How to capture death on film

Two prizewinning films at the 2017 Locarno Film Festival – Mrs Fang and 3/4 – attempt to do just that.

Words

Ross McDonnell

Switzerland’s Locarno Festival is an unparalleled platform for ambitious, experimental and cutting-edge cinema. Two films rose to the fore of the 2017 edition: one documentary, Wang Bing’s Mrs Fang, and one drama, Ilian Metev’s 3/4. Both are straightforward and accessible works that run at just under 90 minutes. And in each, there is more than initially meets the eye. In fact, both are more powerful for what they don’t show: the metaphysical ideas they render, and the way in which they visually represent the invisible and the abstract. They share a mutual fascination in the ultimate unknown – death.

Wang Bing is the Chinese documentarian best known for his slow, contemplative cinema which focuses on the lives and culture of modest citizens of his country. Mrs Fang (August 5 1948 to July 6 2016) is an Alzheimer’s patient Wang briefly meets in 2015. Initially upright, active and able-bodied, she becomes the subject of his film, which then documents the last 10 days of her life. Her condition quickly deteriorating, we witness Mrs Fang as she becomes immobile, confined to her deathbed. Not lucid, not able to recognise the loved ones who surround her, Mrs. Fang cannot communicate or express to us anything about her life.

Nonetheless, we remain in an excruciating proximity to the subject — the film’s clinical close-ups and stiff rigour-mortis shooting style catches Mrs Fang’s gaze, but leaves us waiting, and waiting, to watch the light leave her eyes. The situation — her constant physical presence, but simultaneous stasis — is so bleak that the film’s reduced running time seems like some act of clemency. The cumulative effect of the film’s long takes suggest to us the banality of death, a process and passage more exhausting than it is emotional. With no grand exeunt, no moment of deliverance, what remains is a filmmaker incapable of intervention, footage of an inevitable event his film can approach but not reach.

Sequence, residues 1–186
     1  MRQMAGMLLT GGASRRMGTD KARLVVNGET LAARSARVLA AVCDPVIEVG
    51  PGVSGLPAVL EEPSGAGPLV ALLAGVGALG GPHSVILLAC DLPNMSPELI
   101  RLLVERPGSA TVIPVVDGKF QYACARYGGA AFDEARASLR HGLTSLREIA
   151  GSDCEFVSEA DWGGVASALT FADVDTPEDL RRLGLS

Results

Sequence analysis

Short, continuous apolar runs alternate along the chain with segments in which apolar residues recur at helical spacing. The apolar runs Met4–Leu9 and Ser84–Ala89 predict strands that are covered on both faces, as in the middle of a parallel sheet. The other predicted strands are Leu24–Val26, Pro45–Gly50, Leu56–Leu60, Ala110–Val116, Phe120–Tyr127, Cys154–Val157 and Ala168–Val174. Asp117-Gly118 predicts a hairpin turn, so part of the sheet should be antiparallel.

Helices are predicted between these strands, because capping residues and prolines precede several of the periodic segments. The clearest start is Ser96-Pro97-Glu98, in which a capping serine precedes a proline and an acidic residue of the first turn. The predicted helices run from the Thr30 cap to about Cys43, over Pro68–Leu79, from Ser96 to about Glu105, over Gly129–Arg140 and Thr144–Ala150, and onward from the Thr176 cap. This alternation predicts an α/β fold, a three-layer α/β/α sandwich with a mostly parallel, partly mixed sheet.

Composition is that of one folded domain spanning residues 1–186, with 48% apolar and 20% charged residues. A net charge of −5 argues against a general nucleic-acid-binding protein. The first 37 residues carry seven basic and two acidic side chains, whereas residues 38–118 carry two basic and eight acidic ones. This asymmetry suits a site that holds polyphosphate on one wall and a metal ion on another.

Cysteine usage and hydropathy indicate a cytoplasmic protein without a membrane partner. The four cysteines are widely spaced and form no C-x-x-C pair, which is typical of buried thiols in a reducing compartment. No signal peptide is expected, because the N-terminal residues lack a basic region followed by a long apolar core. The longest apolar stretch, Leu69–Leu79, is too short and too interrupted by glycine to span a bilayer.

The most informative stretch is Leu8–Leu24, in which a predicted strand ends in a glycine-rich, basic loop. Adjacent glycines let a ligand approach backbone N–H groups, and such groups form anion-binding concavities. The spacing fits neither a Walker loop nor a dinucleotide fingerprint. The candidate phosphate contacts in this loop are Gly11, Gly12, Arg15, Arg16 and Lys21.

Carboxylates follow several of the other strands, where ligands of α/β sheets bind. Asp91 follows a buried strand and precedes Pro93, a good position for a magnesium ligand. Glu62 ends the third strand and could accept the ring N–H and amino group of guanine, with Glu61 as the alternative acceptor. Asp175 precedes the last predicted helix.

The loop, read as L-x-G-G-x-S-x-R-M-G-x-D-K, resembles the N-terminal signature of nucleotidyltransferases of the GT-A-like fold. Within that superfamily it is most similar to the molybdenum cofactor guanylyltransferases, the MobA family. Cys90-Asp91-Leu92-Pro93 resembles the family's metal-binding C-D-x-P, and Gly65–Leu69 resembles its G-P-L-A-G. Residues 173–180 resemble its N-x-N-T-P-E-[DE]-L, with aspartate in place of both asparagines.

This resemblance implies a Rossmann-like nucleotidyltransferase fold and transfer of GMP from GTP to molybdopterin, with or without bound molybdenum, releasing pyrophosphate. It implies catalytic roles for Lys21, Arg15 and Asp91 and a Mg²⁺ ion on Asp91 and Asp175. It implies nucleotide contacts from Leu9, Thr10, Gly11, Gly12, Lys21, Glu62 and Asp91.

It was an intense endurance test for Locarno’s uncomfortable, impatient, 3000-strong audience, as Mrs Fang’s only moral is a morbid one: that death is not something to be continually confronted but rather something that must be eventually accepted. The burden of death, and the idea of grief being transferred from old to young, is implicitly dealt with in Ilian Metev’s 3/4. This is not an avant-garde film on the afterlife, but a melancholy drama, one that never makes clear why the members of a dysfunctional family suddenly cannot seem to adjust to one another.

Daughter Mila struggles in a piano lesson. While her music is imperfect, we are made to intuit as to why this young woman has lost momentum, lost her confidence. What off-screen interruption or ellipsis has caused this anxiety? The film follows Mila (Mila Mikhova), her hyperactive younger brother Niki (Niki Mashalov) and stoic father Todor (Todor Velchev) in their last summer together before Mila moves from their home in Bulgaria to a German university. It also follows a meticulous narrative schema — a careful structure that organises its a completely naturalistic style around entirely improvised film.

We join each of our three characters in individual scenes (Niki with friends, Mila with her tutor, Todor with his students) before we subsequently see them all together. Throughout, and from repeated angles, there is always empty space in the film’s mise en scène, one quarter of this family is absent – felt but never seen. With a void in the left and right of the frame, the family dinner table only appears to seat three.

3/4 is an autobiographical film for director Metev, director of the acclaimed documentary, Sofia’s Last Ambulance (a nonfiction counterpart to Cristi Puiu’s 2005 drama, The Death of Mr Lazarescu). With this tender study of a fragmented family, he impressively demonstrates an awareness of the mechanics of fiction: a small clutch of characters in all potential combinations and the consequential ironies these pairings brings up.

It’s difficult to make a film look this easy. Something in this family has broken, but 3/4 favours impeccable performances (from non-professional actors) and note-perfect dialogue in lieu of any exposition or dramatisation. Taken together, each on either edge of the great divide, 3/4 and Mrs. Fang are inscrutable portraits of how death exists among the living.

Wang Bing’s Bitter Money (2016) screens at Open City Documentary Festival on 9 September.Ilian Metev’s Sofia’s Last Ambulance is available through Second Run DVD.

Published 17 Aug 2017

Tags: Locarno Film Festival

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